And while experts still consider it uncommon for children to get severely sick from the virus, being unvaccinated leaves them more vulnerable. Over 94,000 children were diagnosed with COVID last week, according to the American Academy of Pediatrics, and hospitals nationwide are reporting more and more children in their pediatric COVID units.
Here's what we know so far about when a safe and effective vaccine for children under 12 will be authorized by the Federal Drug Administration:
1st shots for young kids expected in late fall, early winter
Pfizer has said it will submit vaccine safety data on 5- to 11-year-olds by the end of September. Moderna has said it will do so in the middle of the fall. It will then be up to the FDA on how quickly it grants the authorization.
In general, federal and industry officials said they expect the first vaccine shots for children ages 5-11 could happen by the end of this year or early 2022. Timing on a vaccine for children younger than 5 is less certain, but officials have said they hope a greenlight for toddlers and infants will follow soon after.
But the precise timing is fluid. Clinical trials are still ongoing, and the FDA has signaled it wants to expand the pool of children signed up as volunteers. A larger pool of volunteers makes it more likely that even the rarest of side effects could be detected before it rolls out nationwide.
The vaccine for children ages 5 through 11 would be the same composition, but a smaller dose. For Pfizer, children under 12 would receive 10 micrograms, while everyone 12 and older receives a 30-microgram dose.
FDA is under extraordinary pressure to move fast.
Some have urged the FDA to move more quickly to authorize the shot because of the toll the delta variant is taking on children. In a recent letter to the head of the FDA, the president of the American Academy of Pediatrics said that last week showed the "largest week-over-week percentage increase in pediatric COVID-19 cases since the start of the pandemic," at 72,000 pediatric COVID cases in a week, up from around 39,000 reported in the previous week.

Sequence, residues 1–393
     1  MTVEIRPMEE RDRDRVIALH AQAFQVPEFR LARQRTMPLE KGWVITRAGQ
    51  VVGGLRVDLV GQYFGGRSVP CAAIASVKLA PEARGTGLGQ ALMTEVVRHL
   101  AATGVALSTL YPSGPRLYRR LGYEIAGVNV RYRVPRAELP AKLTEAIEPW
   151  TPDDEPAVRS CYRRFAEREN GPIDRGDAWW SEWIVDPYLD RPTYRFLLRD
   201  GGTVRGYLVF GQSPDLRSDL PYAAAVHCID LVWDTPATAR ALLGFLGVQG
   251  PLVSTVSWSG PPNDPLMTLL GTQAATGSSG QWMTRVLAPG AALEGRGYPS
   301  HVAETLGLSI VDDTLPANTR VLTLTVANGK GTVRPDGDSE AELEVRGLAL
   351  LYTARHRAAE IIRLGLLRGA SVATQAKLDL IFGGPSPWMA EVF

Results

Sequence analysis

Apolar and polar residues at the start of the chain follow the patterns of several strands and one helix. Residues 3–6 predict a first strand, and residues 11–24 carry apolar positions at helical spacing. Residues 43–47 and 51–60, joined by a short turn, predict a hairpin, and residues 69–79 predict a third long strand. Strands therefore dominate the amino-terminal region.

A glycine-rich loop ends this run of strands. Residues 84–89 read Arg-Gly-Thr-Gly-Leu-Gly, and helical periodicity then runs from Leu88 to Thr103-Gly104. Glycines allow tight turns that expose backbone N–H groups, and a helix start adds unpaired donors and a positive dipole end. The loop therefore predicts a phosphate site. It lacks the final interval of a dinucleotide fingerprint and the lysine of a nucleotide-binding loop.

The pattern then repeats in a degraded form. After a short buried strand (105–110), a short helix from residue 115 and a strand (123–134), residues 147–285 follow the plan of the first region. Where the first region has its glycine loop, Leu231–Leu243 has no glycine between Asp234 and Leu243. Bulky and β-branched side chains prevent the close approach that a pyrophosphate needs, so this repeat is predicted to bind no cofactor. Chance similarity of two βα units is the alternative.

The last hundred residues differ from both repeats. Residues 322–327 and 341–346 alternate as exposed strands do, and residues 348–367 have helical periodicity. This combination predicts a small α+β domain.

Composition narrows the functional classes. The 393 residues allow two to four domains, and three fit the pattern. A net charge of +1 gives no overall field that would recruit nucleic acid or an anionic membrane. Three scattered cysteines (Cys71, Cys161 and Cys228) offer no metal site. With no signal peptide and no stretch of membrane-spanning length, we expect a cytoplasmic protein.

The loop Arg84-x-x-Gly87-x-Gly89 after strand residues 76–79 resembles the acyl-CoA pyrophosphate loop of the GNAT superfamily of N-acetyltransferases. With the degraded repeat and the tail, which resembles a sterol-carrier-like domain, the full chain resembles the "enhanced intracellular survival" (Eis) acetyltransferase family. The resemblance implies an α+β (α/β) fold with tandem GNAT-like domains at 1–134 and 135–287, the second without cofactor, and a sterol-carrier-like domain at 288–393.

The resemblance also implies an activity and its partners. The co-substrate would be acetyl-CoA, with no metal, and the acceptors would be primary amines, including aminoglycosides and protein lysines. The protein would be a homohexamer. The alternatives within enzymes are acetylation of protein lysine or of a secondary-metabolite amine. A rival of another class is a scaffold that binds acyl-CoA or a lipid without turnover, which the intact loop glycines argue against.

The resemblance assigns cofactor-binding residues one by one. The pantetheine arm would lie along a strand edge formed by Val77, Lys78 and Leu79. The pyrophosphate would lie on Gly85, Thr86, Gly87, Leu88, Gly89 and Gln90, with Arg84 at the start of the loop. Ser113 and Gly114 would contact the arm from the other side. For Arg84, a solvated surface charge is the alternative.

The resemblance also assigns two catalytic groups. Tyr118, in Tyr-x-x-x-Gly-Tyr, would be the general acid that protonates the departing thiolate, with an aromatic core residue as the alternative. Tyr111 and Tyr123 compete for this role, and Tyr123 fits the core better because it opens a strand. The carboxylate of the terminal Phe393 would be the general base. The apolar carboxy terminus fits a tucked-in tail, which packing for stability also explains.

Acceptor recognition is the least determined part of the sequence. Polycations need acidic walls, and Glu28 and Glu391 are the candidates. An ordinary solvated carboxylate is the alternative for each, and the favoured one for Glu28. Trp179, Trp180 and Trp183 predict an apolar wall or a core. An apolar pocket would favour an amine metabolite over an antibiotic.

"Simply stated, the Delta variant has created a new and pressing risk to children and adolescents across this country, as it has also done for unvaccinated adults," AAP President Lee Savio Beers wrote in a letter to the acting FDA Administrator Janet Woodcock.
In an effort to speed up the authorization, Beers suggested the FDA authorize the vaccines with the data from the children already enrolled, and then continue to monitor an expanded, second group of children.
In an interview with ABC News Live on Monday, Beers said the AAP was worried that the recent FDA decision to double the children participating in the vaccine trials would delay the timing for a vaccine at a critical time and that "the data is there" with the current cohort for the FDA to act very soon.
"We really think that we need to be approaching the trials in the authorization of the COVID vaccine for children with the same urgency that we did with adults," Beers said in the interview.
FDA insists it won't cut any corners
While the FDA insists it won't cut any corners, according to a government official, requesting more children to participate in the trials isn't expected to hold up the vaccine authorization process. That's because parents have been eager to enroll their children to receive the vaccine.
The FDA also isn't likely to require an extended period of safety data collection for the younger age group, a consideration that the FDA ultimately decided wasn't necessary so long as more children were enrolled in the trial.
The FDA's vaccine chief, Peter Marks, has repeatedly defended the FDA's timeline and decision-making process, saying the agency is going to be thorough.
"Just so everyone understands, we are going to be very careful as we get down to smaller children," he said in a May event with the group BlackDoctor.org, a health resource that focuses on outreach to African Americans.
"We have to reduce the dose of the vaccine, we're more cautious about side effects, it takes longer to do the development," Marks said.